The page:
By Teachers, For Teachers
Let’s face it, sitting at your desk or seat all day long can not only be boring, but tiring as well. If you have ever observed your students after you told them that it’s time to sit quietly at your seat and do your work, you would probably notice a lot of eye-rolling and grumpy faces. You would think that by looking at a child playing with an iPad or a smartphone for hours at a time that they would be able to sit for a few hours at their seats. However, that is not the case -- doing boring seatwork is much different than being enthralled in playing a game on the latest piece of technology. Today’s teachers are always looking for new classroom management methods and ideas that will help their students work better, and be more productive in the classroom. Luckily, many educators have found a few different classroom management ways that can help spice up boring seat work and make it a little bit more bearable. Here are three specific classroom management strategies that you can try in your classroom.
If you are looking for a new way to revolutionize how your classroom works, then you need to try the Decide Now app. There is a lite version, which you can purchase for free, or a paid version that costs 99 cents. The way it works is simple: It is a wheel of choices and you choose what you want to input onto the wheel as well as the colors for each choice that you input. If you have a Smartboard, then you can use Airserver to mirror the app so that all students can see what you are doing.
A fun way to spice up your seat work is to offer students the choice to help you decide upon what you will input onto the colors on the app. Here are a few suggestions on how to shake things up.
Once you have chosen your options, then before it’s time to do seatwork, randomly choose a child to come up and spin the wheel to see what exciting new way they will get to work today. It’s fun and easy, and students will love it.
Many teachers are finding that their students can only sit for a certain amount of time before they start getting fidgety. While this has been happening in classrooms for decades, it seems to be getting worse.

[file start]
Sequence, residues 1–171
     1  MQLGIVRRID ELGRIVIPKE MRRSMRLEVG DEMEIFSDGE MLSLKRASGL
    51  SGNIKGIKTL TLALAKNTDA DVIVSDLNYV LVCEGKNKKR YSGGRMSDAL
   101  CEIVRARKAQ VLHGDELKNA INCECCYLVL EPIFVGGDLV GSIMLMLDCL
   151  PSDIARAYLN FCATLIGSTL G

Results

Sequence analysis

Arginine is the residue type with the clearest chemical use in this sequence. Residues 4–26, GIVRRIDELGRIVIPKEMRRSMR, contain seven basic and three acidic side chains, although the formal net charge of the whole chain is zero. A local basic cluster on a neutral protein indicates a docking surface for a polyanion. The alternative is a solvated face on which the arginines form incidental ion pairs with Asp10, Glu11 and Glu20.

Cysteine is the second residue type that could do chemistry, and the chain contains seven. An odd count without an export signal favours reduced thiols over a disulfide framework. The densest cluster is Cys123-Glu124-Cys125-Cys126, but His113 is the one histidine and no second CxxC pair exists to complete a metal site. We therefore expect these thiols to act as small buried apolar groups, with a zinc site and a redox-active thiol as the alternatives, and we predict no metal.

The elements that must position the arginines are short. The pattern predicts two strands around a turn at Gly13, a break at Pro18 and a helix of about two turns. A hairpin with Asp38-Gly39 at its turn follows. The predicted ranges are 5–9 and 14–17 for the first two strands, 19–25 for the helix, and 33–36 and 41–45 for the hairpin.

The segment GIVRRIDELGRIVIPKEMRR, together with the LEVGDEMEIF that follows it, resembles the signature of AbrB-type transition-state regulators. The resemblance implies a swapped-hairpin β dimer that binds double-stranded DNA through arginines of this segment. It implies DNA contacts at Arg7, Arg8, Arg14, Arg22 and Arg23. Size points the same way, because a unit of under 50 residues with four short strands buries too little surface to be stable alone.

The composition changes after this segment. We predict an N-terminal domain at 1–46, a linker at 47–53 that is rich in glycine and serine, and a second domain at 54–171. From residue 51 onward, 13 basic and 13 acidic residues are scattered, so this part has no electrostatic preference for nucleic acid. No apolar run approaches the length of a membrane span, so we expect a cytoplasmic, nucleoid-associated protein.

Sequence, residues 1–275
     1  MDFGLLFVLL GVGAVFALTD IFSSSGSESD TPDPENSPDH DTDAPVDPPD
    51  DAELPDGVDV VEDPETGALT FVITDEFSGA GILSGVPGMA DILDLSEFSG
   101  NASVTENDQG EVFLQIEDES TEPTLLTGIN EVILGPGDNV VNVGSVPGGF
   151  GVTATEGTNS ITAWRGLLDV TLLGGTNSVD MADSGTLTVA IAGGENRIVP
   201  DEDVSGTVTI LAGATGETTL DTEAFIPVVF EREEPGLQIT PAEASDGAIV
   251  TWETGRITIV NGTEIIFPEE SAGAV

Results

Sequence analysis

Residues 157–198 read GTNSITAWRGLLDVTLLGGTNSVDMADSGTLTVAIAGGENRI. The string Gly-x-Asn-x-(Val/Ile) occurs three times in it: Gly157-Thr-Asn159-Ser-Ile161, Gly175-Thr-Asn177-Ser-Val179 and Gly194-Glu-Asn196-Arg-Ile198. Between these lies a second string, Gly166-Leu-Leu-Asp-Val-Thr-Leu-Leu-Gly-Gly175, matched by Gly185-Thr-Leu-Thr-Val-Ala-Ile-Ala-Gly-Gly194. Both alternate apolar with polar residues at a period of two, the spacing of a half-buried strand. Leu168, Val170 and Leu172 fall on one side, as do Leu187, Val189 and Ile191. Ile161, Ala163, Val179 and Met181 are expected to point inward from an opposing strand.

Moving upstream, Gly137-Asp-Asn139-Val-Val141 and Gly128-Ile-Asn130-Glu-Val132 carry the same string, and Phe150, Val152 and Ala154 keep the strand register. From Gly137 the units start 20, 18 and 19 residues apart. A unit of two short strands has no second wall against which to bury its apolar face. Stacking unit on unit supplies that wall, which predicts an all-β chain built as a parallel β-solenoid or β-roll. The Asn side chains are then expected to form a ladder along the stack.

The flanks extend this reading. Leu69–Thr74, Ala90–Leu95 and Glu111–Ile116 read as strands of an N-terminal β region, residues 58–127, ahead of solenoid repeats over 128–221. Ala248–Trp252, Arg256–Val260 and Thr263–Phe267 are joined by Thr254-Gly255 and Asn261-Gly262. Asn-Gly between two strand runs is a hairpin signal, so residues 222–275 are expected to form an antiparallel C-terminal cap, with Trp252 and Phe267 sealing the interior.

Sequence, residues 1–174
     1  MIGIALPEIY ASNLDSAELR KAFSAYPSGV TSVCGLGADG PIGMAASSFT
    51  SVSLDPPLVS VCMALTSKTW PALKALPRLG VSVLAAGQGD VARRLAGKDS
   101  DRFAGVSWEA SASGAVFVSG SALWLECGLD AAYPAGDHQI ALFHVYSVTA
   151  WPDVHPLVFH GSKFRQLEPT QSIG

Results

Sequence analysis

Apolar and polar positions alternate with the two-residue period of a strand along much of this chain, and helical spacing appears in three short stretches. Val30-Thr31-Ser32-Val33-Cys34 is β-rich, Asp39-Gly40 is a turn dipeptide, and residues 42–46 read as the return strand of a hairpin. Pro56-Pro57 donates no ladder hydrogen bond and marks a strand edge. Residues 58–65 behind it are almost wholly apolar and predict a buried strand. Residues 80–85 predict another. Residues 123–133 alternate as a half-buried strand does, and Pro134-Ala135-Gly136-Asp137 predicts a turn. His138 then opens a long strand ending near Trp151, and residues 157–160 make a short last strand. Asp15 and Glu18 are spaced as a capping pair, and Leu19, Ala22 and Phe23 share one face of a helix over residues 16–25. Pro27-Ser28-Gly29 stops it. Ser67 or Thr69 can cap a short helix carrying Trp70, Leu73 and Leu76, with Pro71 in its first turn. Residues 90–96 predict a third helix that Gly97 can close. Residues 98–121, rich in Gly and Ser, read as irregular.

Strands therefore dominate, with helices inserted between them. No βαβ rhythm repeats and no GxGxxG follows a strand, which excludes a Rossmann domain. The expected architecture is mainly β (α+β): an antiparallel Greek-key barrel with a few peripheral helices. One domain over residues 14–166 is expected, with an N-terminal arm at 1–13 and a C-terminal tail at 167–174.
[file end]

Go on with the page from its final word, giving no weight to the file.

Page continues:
Studies have assessed students’ squirminess level and have found that by replacing traditional chairs with stability balls their students were becoming less fidgety. One study even found that more than half of the students who used the stability ball (the ones with the legs on the bottom so the ball would not roll around) were able to stay more on task.
Research has shown that using a stability ball in the classroom is an effective way to curb students who struggle with hyperactivity or paying attention. Sitting at your desk and doing seatwork for a long period of time in an uncomfortable chair will make it hard for any child to sit still. So, if you’re looking for a new way to make boring seatwork more fun, invest in a few classroom stability balls. Just make sure that they have the feet on the bottom so they won’t roll way.
Music has said to be an effective way to calm children down for years now. Some research has shown that studying with music can improve your capacity to learn other subjects as well as get better grades. If that is the case, then it is a great way to spice up boring seatwork. Next time it’s time for your students to do some quiet work at their seats, try putting on some classical or soft music in the background.
Any of these teaching strategies mentioned above can turn a boring day of seatwork into a better day. If you can’t afford a class set of stability balls or your school district doesn’t have the funds, then try going on Donorschooose.org and just maybe someone will be willing to purchase a few for you.
Do you have any teaching strategies that will help spice up boring seatwork in the classroom? Please feel free to leave your ideas in the comment section below, we would love to hear your ideas.
Janelle Cox is an education writer who uses her experience and knowledge to provide creative and original writing in the field of education. Janelle holds a Master's of Science in Education from the State University of New York College at Buffalo. She is also the Elementary Education Expert for About.com, as well as a contributing writer to TeachHUB.com and TeachHUB Magazine. You can follow her at Twitter @Empoweringk6ed, or on Facebook at Empowering K6 Educators.